Think about the tricks and techniques that you use to help students transition from concrete arithmetic to abstract algebra. Post some thoughts to the forum, considering:

What’s worked for you in the past?

What do your students find the most difficult?

How do you think programming can help with this transition?

I think programming will help my students. I have taught 8th graders programming this year to build video games. It “forces” them to check their work. If the program does not work, they are “forced” to go back and find the error. They are motivated to this because they really want their program to work. They become much more aware as they are writing their code because they don’t want to go back. It is so cool because they get quick feed back, can fix their mistakes, and they feel great when their program runs. It also helps them to work through frustrations and not give up.

I think that students need to think abstractly about Algebra. They need to be able to apply Algebra concepts when developing skills for jobs of the future.

I find that anytime I relate concepts to my students everyday life even if it’s just bring up a music artist they know, they are more willing learn the concept I am about to teach. Having students experience something new or related to their own life helps them transition.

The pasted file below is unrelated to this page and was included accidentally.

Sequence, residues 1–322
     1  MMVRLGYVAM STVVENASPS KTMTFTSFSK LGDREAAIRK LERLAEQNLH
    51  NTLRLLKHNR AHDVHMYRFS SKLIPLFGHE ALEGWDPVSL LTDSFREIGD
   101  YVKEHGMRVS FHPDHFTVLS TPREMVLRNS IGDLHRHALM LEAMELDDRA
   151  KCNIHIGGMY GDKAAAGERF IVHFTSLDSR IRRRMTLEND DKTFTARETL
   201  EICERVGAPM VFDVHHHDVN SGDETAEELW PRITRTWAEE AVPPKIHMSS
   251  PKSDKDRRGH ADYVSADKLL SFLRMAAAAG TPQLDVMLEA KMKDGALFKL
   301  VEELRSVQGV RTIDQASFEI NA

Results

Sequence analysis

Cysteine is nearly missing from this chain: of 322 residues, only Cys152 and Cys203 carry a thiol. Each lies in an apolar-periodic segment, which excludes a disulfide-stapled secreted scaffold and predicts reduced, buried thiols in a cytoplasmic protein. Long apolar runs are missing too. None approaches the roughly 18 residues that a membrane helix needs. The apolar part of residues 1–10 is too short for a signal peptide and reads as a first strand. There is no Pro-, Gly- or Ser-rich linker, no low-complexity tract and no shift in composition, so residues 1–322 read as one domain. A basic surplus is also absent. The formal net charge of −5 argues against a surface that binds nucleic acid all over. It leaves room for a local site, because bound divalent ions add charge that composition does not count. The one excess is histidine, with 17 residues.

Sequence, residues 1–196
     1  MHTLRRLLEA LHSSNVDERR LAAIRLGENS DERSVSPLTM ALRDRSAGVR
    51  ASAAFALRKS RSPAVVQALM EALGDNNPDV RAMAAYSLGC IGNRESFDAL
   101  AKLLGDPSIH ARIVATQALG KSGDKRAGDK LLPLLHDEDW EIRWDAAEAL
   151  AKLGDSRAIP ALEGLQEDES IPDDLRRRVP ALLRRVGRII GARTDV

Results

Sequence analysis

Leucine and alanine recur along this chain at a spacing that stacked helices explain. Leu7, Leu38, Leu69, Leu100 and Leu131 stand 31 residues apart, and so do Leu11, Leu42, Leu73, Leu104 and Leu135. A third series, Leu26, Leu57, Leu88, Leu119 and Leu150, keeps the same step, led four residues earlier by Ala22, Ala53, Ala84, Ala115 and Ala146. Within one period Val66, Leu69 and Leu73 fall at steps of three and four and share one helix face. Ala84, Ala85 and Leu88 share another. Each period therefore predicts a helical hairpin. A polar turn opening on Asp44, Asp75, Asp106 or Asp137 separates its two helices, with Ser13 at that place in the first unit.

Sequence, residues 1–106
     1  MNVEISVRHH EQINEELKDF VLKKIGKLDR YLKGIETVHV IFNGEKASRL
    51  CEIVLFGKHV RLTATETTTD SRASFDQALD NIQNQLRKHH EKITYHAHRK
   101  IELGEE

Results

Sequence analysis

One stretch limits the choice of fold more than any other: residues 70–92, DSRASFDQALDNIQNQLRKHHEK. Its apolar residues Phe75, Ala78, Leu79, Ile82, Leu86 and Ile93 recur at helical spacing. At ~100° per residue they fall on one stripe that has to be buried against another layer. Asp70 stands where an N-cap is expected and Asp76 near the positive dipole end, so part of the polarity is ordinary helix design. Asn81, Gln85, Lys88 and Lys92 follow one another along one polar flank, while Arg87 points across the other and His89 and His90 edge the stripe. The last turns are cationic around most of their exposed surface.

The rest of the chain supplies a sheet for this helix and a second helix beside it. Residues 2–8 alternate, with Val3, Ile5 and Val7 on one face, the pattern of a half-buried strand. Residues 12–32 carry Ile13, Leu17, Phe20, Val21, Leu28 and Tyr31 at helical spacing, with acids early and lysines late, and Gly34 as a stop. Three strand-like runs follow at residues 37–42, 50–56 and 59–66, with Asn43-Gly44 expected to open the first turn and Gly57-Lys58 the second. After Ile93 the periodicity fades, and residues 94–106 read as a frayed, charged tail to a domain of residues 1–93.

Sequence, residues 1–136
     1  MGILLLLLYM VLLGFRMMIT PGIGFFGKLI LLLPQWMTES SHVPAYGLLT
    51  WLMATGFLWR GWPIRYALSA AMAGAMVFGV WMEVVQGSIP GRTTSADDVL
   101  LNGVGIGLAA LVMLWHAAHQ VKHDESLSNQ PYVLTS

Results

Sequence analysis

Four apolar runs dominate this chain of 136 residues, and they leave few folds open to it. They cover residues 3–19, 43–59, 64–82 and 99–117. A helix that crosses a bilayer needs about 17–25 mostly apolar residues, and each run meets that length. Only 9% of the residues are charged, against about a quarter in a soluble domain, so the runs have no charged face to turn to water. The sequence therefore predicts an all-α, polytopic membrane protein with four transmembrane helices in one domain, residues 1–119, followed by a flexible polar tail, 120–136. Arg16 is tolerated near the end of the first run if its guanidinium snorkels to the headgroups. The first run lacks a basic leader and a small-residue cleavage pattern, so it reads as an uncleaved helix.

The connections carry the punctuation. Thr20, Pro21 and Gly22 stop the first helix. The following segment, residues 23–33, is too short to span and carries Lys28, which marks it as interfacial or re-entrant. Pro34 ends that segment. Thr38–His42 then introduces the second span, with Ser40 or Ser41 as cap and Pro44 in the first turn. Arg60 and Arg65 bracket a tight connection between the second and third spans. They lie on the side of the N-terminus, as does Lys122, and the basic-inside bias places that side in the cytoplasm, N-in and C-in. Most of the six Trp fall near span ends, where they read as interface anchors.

My students have great difficulty explain their thinking. They are often able to understand a concept, but they can’t fully explain why and how they got their answer.
I hope computer science will bring my students another outlet of learning material. I also hope it will allow them to see a different way of understanding the material so that they can better explain their own thinking afterwards.

Since this will be the first year I will be teaching Algebra at 6th grade I don’t know of the difficulties but I can for see some in the future. I know for me Calculus was so difficult because it was learning in the abstract and I HATED it. I can see where kids who are use to times tables or simple equations can few this as a foreign language. So by using code we can take the abstract ideas out and place more concrete and inventive ideas in front of them.

I taught 6th grade Level 1 and Level 2 students this year.
We started with Solo cups and patterns with symbols.
Then we went on to Frozen on Code.org
Some hated it, bored out of their minds. While others loved it and wanted to do more and more. They wanted to progress faster than I could teach it!

I have had students draw and label diagrams. Students sometimes have difficulty that when problems involve unknown values that are equivalent, they often want to write two different variables for each quantity. I am not sure at this point how programming will help.